From that point on, Peltier's luck went from bad to worse. Placed on the FBI's Ten Most Wanted list, he escaped to Canada, where he was captured by the Royal Canadian Mounted Police in February 1976. Ten months later, having lost his final appeal against extradition, he was returned to the United States in handcuffs.
Back in the visiting room at Leavenworth, Leonard Peltier sighs and gives a quick, rueful smile. “Looking back at it now, that was a huge mistake,” he says, “If I hadn't fought the extradition and just come back, I'd be a free man now.”
He may be right, for in the midst of his protracted extradition battle, the trial of Robideau and Butler was separated from his and transferred to Cedar Rapids, Iowa. Led by William Kunstler, the flamboyant civil rights lawyer who had defended the Chicago Seven, the defense team presented a virtual historical primer on the white oppression of American Indians and argued that its clients had only fired in self-defense. The all-white jury acquitted Butler and Robideau.
When Peltier's trial was heard by another all-white jury in Fargo, North Dakota, in March 1977, matters were very different. Before Paul Benson, a strict-constructionist judge who dismissed as immaterial any testimony unrelated to the events of June 26, Peltier faced a far more daunting task than Butler and Robideau.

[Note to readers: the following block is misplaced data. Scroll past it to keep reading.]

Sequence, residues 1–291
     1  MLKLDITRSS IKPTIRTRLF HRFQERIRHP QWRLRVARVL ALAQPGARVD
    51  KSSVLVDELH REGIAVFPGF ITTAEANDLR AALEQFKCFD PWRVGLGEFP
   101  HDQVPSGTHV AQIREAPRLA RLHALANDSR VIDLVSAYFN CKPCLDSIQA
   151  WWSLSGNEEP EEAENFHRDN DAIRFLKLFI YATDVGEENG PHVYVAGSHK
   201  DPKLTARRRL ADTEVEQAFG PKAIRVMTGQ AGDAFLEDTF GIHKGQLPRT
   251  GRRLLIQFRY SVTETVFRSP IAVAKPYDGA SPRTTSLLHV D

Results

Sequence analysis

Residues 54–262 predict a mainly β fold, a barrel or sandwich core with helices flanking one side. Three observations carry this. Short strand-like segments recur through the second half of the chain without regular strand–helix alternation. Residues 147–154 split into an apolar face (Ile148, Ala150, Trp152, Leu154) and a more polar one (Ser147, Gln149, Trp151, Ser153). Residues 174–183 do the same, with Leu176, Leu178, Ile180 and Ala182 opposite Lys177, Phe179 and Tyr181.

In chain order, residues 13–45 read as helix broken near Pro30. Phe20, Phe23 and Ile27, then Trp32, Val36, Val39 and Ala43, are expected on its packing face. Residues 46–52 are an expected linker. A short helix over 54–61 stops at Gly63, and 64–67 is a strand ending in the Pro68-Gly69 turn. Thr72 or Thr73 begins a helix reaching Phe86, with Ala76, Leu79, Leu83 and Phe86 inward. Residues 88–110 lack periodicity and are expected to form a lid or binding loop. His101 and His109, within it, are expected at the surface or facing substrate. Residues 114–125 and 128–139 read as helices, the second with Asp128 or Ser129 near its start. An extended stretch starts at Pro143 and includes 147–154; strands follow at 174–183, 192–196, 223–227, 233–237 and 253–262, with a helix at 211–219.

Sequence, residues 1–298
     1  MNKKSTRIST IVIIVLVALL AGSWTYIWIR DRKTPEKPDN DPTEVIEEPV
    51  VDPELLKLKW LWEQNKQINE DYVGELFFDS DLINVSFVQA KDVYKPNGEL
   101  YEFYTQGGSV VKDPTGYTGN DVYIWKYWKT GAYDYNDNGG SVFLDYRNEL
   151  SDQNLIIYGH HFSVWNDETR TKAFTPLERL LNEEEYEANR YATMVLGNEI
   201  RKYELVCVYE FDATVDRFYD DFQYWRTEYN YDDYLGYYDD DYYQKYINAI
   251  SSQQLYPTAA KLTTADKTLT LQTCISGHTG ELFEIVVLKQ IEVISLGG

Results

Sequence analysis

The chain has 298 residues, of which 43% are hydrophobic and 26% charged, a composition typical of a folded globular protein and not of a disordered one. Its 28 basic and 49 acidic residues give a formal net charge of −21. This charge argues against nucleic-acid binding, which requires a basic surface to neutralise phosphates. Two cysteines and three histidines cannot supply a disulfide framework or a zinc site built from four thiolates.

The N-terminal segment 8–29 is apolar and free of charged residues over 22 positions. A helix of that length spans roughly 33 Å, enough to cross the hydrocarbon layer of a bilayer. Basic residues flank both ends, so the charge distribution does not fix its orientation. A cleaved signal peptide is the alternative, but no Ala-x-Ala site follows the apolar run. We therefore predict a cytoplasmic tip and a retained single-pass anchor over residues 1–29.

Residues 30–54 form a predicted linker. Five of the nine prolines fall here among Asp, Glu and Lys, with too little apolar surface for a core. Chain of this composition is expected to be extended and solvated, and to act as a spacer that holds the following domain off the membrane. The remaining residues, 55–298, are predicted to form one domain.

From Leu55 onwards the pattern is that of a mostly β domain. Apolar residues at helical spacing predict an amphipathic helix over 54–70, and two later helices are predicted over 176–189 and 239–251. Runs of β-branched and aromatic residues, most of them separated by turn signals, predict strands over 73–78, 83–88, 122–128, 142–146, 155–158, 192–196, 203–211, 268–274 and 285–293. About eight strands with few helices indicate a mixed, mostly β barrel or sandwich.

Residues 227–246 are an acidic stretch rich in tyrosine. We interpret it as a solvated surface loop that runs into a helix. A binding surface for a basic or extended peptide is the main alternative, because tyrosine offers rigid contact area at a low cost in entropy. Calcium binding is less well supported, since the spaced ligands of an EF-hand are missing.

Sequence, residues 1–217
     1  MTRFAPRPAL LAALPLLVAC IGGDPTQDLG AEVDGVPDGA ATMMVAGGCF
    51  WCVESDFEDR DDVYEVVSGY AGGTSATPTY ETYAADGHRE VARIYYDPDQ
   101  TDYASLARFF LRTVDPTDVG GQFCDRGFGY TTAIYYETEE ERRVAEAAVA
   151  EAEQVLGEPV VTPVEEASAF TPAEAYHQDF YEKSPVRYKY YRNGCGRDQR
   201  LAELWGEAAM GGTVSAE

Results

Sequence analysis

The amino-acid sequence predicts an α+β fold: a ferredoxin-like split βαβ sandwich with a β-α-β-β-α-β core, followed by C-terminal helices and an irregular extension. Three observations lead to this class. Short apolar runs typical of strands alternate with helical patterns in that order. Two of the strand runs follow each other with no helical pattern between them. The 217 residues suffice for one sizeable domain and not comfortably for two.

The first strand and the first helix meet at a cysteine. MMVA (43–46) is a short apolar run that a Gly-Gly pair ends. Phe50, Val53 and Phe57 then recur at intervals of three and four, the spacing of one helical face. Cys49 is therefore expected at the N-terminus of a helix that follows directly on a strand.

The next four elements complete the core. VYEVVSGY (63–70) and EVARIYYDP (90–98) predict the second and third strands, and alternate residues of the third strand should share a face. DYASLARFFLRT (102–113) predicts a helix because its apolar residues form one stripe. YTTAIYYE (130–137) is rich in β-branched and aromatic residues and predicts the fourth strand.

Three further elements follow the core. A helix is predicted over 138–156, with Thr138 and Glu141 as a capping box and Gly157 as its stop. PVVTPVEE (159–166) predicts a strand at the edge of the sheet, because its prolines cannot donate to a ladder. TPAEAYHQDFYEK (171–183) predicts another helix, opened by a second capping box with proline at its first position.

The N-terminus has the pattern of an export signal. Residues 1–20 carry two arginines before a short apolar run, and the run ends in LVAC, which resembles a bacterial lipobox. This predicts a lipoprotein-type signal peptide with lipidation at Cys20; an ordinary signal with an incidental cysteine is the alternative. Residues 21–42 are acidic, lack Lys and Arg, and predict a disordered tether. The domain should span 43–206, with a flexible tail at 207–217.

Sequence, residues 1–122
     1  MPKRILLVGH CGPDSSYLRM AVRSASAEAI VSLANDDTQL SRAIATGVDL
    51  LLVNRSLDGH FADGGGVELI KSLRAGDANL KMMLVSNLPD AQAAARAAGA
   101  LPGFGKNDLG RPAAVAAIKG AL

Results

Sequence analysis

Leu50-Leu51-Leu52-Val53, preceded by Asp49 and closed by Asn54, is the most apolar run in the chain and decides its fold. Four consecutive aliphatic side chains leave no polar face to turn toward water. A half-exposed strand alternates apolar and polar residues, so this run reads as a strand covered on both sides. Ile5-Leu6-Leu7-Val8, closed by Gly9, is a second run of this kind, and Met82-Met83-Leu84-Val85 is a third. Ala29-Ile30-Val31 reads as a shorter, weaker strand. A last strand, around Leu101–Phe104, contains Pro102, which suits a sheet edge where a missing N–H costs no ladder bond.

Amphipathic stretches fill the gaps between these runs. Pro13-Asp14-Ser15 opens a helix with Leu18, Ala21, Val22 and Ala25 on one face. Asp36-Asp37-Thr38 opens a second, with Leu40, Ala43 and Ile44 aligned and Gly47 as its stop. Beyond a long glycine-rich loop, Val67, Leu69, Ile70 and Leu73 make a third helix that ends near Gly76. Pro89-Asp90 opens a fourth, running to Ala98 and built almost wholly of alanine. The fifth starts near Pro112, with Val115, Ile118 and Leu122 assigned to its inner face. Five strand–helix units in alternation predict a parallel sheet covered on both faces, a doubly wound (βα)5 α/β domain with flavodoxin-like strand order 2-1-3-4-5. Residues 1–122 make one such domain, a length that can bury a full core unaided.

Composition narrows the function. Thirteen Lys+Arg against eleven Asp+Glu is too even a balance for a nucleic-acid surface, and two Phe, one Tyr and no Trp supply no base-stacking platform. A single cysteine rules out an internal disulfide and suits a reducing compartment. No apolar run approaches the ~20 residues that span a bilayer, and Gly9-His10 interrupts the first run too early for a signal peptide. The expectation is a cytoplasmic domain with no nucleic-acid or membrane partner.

What's more, there was a greater array of physical evidence placing Peltier at the scene of the killings. The prosecution produced Angie Long Visitor—absent from the Cedar Rapids trial—as well as two of the younger Tent City inhabitants, who testified to having seen Peltier walking toward the wounded agents with the AR-15 just moments before the fatal shots were fired. Also damaging was testimony from the Canadian Mounties who had arrested Peltier in Alberta. During the drive to the Edmonton jail, one of them, Corporal Ralph Charles Tweedy, had asked Peltier the circumstances surrounding the FBI agents' murders. “They were shot,” Tweedy said his prisoner replied, “when they came to a house to serve a warrant on me.”
Peltier's statement was a serious self-inflicted wound. It enabled prosecutors to suggest a strong motive for the killings: that Peltier thought Coler and Williams had come to arrest him on the Milwaukee fugitive warrant. And whether Peltier had personally fired the execution shots or simply abetted the crimes, he would still be guilty of murder. After ten hours of deliberation, the jury found Peltier guilty on two counts of first-degree murder. Sentenced to two consecutive life terms by Judge Benson, he would not be eligible for parole for at least 30 years.